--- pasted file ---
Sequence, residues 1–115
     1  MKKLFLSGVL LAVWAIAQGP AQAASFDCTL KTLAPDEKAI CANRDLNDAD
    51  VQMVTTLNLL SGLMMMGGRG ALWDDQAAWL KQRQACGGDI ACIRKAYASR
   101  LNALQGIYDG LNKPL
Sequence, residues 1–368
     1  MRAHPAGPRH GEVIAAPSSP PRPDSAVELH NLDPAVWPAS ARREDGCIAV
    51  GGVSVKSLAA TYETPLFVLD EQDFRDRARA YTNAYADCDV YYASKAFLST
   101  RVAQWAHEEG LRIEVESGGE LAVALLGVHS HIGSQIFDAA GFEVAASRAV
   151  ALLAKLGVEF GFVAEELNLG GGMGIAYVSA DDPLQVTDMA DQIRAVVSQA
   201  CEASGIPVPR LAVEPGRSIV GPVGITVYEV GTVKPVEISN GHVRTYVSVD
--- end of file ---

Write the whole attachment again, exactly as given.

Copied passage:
Sequence, residues 1–115
     1  MKKLFLSGVL LAVWAIAQGP AQAASFDCTL KTLAPDEKAI CANRDLNDAD
    51  VQMVTTLNLL SGLMMMGGRG ALWDDQAAWL KQRQACGGDI ACIRKAYASR
   101  LNALQGIYDG LNKPL
Sequence, residues 1–368
     1  MRAHPAGPRH GEVIAAPSSP PRPDSAVELH NLDPAVWPAS ARREDGCIAV
    51  GGVSVKSLAA TYETPLFVLD EQDFRDRARA YTNAYADCDV YYASKAFLST
   101  RVAQWAHEEG LRIEVESGGE LAVALLGVHS HIGSQIFDAA GFEVAASRAV
   151  ALLAKLGVEF GFVAEELNLG GGMGIAYVSA DDPLQVTDMA DQIRAVVSQA
   201  CEASGIPVPR LAVEPGRSIV GPVGITVYEV GTVKPVEISN GHVRTYVSVD